Guest post by Lucy Adlington of the History Wardrobe
Lucy is appearing at Fabulous Fifties at the National Museum of Costume on Sunday 22 July. Her costume-in-context presentation transforms a domestic drudge into a domestic goddess.
Harold Macmillan may have been telling her, “You’ve never had it so good!”, but the reality of life for the 1950s housewife could be far from glamorous. The position of women in society was changing rapidly in the 1950s. In contrast to wartime, women were giving up paid work outside the home to concentrate instead on their roles as homemakers. Fashion reflected that shift.
The Fabulous Fifties event is particularly apt in this Diamond Jubilee year, with its dazzling coronation images of a glamorous young Elizabeth II. Television programmes such as the BBC newsroom drama The Hour, and the US series Mad Menabout Madison Avenue advertising executives have helped fuel our fascination with the decade that dazzled.
This fascination is also a dialogue with austerity Britain. In the 1950s the country was emerging from the shadow of the Second World War. Ration books were not finally torn up until 1954. With its yards of fabric, Dior’s New Look, revealed in 1947, was in direct opposition to post-war textile rationing.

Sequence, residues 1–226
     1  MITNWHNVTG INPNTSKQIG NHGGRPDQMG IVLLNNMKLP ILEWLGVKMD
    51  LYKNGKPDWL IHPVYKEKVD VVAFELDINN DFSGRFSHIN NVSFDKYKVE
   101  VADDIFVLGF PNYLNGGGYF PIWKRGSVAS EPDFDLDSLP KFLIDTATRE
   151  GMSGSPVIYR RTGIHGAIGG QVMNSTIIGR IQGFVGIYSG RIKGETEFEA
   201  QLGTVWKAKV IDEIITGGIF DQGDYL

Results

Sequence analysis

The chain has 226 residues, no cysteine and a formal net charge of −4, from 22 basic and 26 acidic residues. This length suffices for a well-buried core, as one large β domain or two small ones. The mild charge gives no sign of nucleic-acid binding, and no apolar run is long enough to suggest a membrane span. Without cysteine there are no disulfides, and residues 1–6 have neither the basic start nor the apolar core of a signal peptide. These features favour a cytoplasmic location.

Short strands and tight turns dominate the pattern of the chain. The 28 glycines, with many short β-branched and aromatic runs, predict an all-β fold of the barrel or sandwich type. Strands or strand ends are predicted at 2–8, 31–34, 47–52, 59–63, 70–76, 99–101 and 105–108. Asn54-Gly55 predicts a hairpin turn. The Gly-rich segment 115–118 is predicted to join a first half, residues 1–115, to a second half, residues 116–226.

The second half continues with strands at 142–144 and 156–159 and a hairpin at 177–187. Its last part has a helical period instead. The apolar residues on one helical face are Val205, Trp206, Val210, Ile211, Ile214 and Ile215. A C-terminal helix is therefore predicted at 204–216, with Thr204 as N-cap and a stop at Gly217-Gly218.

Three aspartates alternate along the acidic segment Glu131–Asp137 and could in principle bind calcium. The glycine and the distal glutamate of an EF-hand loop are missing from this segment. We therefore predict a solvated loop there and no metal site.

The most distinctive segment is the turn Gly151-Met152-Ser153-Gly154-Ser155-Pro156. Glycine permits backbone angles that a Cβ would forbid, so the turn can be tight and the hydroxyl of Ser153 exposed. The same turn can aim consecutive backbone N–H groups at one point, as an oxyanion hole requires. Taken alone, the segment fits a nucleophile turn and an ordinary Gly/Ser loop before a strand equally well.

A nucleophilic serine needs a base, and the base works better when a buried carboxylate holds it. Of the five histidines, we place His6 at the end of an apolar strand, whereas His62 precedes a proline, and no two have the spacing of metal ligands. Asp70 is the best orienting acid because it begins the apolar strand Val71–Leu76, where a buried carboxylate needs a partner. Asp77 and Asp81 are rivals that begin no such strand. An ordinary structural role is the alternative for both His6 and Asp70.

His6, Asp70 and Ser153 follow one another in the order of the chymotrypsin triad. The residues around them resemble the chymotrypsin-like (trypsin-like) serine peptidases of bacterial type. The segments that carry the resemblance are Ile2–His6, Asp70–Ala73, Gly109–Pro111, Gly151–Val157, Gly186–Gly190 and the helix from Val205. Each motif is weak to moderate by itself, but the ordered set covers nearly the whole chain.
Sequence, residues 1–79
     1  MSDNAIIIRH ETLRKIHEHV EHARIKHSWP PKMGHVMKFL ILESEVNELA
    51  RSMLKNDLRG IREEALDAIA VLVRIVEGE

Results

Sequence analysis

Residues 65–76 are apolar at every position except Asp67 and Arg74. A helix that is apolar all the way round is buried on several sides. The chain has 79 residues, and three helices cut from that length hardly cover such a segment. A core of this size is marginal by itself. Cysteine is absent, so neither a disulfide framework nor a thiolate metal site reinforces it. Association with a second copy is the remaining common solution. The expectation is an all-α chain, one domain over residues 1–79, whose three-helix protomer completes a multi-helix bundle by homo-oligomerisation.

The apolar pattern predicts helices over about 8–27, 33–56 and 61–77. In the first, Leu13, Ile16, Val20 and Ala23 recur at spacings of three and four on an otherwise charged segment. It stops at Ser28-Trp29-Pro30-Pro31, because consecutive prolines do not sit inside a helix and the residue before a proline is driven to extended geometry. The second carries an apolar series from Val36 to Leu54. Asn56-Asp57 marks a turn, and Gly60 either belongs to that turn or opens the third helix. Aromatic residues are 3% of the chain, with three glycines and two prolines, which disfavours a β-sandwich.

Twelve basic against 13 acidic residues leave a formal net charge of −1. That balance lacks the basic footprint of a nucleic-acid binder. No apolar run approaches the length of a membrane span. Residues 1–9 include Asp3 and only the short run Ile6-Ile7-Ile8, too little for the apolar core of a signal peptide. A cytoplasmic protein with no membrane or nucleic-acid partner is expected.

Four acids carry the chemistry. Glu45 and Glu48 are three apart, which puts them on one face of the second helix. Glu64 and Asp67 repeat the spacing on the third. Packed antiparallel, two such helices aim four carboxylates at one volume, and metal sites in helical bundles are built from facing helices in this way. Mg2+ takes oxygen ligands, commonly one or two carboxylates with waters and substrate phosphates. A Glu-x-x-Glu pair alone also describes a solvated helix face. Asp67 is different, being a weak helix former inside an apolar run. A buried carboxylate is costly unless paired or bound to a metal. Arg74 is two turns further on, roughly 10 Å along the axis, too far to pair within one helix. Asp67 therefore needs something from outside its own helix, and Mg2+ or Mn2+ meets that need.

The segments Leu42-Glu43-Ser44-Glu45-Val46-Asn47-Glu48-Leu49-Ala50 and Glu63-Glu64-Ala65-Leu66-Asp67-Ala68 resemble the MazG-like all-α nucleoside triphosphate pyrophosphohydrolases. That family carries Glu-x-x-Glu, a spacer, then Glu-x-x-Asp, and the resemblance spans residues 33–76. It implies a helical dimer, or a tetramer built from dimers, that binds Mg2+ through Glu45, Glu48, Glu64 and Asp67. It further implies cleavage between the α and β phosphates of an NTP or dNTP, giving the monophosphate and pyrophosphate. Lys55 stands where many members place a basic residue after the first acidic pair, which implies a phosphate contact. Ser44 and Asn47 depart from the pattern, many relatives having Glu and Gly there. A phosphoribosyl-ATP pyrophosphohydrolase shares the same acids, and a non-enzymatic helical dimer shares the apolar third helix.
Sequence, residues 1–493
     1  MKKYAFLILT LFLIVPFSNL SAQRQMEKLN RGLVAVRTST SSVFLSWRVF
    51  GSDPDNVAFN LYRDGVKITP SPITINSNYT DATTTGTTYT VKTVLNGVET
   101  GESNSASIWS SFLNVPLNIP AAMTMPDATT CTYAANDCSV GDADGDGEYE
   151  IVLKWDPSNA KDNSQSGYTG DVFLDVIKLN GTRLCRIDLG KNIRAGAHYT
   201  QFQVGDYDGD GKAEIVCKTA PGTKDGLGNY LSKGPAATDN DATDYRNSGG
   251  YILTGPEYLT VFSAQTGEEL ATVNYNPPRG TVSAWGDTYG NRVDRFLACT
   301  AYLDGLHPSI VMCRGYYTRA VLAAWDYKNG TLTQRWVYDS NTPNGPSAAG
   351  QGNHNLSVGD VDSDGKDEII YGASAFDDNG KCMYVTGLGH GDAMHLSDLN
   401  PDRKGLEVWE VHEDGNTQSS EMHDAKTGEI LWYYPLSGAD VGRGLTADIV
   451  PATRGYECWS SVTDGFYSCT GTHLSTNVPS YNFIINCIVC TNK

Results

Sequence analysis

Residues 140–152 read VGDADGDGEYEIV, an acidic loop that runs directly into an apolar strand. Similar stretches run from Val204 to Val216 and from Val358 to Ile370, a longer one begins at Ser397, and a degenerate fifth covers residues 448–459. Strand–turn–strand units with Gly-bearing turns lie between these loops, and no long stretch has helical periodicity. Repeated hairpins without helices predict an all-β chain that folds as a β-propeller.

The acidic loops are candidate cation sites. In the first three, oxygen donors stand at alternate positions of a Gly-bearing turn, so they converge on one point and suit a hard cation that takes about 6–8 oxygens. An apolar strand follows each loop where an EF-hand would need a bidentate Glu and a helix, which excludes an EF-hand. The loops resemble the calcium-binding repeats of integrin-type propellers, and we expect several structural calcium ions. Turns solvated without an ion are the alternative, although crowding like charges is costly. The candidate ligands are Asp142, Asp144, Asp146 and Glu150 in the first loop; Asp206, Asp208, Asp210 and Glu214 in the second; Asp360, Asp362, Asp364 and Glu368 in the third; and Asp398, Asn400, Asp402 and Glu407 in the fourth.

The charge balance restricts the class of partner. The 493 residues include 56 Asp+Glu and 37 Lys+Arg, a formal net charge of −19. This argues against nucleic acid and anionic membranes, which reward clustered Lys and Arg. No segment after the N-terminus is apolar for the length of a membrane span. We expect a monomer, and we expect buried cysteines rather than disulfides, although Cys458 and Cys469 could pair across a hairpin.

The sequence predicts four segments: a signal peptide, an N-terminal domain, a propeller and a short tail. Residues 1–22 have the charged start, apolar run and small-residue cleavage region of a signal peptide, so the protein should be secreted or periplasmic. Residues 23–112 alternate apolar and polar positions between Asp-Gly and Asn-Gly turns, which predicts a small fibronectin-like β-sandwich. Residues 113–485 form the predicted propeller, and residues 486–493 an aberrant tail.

Fast-forward to 2012 and perhaps we are all in need of a dose of 1950s glamour and optimism. The Cinderella transformation for our Fabulous Fifties event is achieved with the help of bullet bras, sugared petticoats and sterling advice from the ‘Experts’. That advice includes how to stiffen your petticoat using a solution of sugar dissolved in warm water – whilst distracting your mother, as sugar rationing only ended in 1953 after all. The next challenge was how to dry the petticoat. One contributor to our popular online memory bank, My Life in Clothes, recalls setting it over the bath to drip dry, but forgetting to remove it before her father found himself submerged in a bathtub of syrupy suds.
Clothes can evoke the past and hold many memories. Whilst our talks are based on a wealth of academic and textile research, it’s the stories associated with clothes that really bring the history to life. People send us items of clothing, with a note sharing their memories their mother getting dressed for an evening out, recalling the scent of Evening in Paris perfume. When I bring out the liberty bodice, just about every woman of a certain age in the audience has something to say – I can’t get a word in edgeways! This is the real joy of these events.